The social media site Twitter has become a fast-moving setting for news, information, and advocacy on public affairs. We welcome followers of MACo’s own twitter feed for updates from the Conduit Street blog and other MACo hot topics, and often use Twitter to reach our own audience, and to hear from others following the same issues as county leaders.
Here are some tweets that caught our eye this week:
For more news and information:
The Maryland Department of the Environment (MDE) in consultation with numerous stakeholders including MACo, reached agreement on a set of amendments to allay local government and environmentalist concerns over SB 314 – the “Clean Water Commerce Act of 2017.” The bill was sponsored by the Administration of Governor Larry Hogan.
As introduced, SB 314 would allow MDE to use up to $10 million a year from the Bay Restoration Fund (BRF) Wastewater Account to purchase nitrogen and phosphorus nutrient credits in support of restoring the Chesapeake Bay. MDE must adopt regulations regarding the use of BRF funds in conjunction with the Maryland Departments of Agriculture and Natural Resources.
MACo was still in an oppose position at the hearing for SB 314 before the Senate Education, Health, and Environmental Affairs Committee on February 14, 2017, but Knapp indicated that amendments provided to MACo by MDE the night before the hearing appeared to alleviate MACo’s concerns. MACo’s Legislative Committee formally moved to a support with amendments positions on February 15 after Secretary of the Environment Benjamin Grumbles spoke with the Committee about the bill’s proposed amendments. From the MACo testimony at the bill hearing:
MACo has been supportive of establishing a nutrient credit trading program in Maryland – giving the State, local governments, and other stakeholders another “tool in the toolbox” to help meet our Bay restoration goals. MACo also appreciates the desire to “jumpstart” such a market. However, the bill’s provisions are broad and ill-defined.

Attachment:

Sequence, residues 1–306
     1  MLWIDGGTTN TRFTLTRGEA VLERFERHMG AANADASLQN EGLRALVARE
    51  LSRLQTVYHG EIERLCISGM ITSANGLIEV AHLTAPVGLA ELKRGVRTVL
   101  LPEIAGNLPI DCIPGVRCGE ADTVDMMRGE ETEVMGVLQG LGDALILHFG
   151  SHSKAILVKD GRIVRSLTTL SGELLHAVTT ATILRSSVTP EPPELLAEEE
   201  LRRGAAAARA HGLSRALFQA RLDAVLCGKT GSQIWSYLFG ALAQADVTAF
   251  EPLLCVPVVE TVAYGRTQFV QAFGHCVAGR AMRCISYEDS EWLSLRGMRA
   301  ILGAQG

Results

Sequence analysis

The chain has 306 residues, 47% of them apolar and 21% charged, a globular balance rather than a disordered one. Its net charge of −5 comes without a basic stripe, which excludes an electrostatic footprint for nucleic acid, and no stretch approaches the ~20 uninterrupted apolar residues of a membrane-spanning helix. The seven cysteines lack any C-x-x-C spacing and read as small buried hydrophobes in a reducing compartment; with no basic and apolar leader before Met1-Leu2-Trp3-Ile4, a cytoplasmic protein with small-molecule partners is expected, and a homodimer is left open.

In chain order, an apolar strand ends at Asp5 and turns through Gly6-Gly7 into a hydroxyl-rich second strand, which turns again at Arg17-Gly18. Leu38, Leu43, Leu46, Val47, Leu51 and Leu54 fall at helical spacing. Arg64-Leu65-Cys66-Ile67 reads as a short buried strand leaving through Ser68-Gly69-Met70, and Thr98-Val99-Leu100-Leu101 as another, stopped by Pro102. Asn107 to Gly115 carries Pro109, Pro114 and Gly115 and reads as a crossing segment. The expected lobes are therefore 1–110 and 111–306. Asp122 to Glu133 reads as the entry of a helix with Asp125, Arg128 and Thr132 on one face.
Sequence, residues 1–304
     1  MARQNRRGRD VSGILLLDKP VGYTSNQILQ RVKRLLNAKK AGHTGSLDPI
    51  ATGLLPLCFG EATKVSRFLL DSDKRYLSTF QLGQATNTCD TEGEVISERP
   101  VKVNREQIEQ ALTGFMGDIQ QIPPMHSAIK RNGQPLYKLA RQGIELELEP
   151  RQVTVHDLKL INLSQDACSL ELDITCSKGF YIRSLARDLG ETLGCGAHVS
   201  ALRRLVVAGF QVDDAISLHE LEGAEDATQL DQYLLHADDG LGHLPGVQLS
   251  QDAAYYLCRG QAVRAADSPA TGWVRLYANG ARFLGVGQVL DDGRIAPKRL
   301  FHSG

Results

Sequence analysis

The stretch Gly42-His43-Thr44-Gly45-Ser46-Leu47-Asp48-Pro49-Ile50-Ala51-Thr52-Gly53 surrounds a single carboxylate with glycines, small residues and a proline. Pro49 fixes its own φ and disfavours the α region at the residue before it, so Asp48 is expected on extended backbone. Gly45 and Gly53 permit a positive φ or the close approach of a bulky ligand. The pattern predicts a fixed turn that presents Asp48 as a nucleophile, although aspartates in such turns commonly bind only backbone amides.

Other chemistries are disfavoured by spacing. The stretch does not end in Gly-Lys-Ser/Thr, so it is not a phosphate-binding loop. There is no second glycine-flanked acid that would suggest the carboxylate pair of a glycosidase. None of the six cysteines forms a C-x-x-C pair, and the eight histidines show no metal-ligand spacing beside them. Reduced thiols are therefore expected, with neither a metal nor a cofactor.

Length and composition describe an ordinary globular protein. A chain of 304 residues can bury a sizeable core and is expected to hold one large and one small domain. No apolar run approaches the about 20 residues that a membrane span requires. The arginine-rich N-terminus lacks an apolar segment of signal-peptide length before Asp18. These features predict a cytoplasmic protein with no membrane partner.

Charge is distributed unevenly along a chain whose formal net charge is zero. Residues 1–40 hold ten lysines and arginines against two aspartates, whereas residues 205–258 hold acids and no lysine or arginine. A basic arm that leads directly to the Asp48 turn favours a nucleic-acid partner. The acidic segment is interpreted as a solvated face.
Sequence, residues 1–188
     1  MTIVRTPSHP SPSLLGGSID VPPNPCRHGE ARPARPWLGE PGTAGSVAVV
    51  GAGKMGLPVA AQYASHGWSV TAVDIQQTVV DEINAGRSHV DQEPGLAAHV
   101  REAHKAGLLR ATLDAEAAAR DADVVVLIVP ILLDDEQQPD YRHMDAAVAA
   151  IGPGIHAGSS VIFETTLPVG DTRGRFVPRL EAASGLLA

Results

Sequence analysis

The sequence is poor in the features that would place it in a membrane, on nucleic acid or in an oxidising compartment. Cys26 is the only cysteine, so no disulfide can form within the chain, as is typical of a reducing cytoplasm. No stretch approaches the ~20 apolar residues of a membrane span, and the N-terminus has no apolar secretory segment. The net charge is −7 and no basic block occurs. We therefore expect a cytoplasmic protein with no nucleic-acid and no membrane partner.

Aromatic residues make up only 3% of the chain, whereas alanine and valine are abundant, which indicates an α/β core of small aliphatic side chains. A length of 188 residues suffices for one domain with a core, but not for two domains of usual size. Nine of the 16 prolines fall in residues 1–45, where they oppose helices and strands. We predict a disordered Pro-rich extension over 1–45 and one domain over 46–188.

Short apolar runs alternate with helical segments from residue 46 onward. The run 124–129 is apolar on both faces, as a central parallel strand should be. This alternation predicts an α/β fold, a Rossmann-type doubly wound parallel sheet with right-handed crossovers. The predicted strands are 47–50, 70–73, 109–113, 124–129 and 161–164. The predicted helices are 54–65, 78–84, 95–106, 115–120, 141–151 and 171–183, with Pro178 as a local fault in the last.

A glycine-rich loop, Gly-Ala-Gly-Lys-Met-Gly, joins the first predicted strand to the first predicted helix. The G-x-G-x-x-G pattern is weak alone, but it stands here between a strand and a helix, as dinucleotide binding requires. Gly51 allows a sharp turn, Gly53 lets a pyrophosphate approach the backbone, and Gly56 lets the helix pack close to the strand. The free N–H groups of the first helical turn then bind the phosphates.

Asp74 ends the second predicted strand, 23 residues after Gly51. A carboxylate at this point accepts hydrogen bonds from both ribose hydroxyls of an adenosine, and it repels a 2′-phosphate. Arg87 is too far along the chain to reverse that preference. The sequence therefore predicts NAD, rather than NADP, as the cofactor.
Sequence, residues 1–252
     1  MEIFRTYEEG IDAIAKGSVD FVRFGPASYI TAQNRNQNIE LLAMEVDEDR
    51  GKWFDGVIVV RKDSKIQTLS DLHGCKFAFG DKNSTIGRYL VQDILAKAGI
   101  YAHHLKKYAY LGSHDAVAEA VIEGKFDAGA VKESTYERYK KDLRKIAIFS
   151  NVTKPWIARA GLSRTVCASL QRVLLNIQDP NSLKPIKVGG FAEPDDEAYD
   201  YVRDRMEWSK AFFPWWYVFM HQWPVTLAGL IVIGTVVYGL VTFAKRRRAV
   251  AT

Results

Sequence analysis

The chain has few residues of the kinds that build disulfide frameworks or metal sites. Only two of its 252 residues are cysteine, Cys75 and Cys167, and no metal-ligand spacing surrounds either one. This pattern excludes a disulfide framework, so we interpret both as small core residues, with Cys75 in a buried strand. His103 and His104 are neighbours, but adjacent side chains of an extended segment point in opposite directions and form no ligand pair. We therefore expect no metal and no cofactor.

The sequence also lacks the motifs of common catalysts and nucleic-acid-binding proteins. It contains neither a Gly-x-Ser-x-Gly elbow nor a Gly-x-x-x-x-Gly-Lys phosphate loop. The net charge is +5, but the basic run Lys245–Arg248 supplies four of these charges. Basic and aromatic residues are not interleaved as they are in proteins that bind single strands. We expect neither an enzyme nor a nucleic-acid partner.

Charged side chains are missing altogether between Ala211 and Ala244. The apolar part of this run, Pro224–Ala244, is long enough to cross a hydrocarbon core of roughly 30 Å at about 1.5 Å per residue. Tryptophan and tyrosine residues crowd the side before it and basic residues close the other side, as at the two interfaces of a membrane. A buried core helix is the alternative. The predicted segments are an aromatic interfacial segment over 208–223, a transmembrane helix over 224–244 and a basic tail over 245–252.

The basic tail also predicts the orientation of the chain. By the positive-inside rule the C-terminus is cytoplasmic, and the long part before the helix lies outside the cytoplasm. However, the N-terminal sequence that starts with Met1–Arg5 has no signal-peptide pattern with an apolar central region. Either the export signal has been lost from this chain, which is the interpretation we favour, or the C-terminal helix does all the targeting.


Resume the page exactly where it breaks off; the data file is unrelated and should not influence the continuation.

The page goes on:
There are no limits placed on when and where MDE may purchase credits or what projects the credits apply to. There is also no prioritization of the use of the monies, meaning that a highly cost-effective county or municipal project may not get funded over the purchase of a nutrient credit that yields a more modest return.
Additionally, MACo and other affected stakeholders would have no role in helping to develop regulations that will affect what has been to date a reliable source of support for local Bay restoration goals. These are critical details that must be addressed in advance before MACo would be comfortable supporting such a proposal.
Amendments include: a 4-year sunset on the bill, a requirement that wastewater treatment plant upgrades retain a higher priority, a prohibition on using the $10 million to purchase agricultural nutrient credit trading credits, a requirement that the $10 million must be awarded based on cost-effectiveness as part of a competitive submission process, and a requirement that MDE consult with public and private stakeholders (including MACo) as it develops regulations to implement the bill. Several additional amendments relating to the total funding amount are also under consideration.
The Maryland Municipal League and Chesapeake Bay Foundation also supported the bill with the amendments. The Chesapeake Bay Commission and Clean Water Action testified in opposition to the bill but stated they were willing to consider the amendments.
The bill’s cross-file (HB 417) is scheduled for a hearing before the House Environment and Transportation Committee on February 22.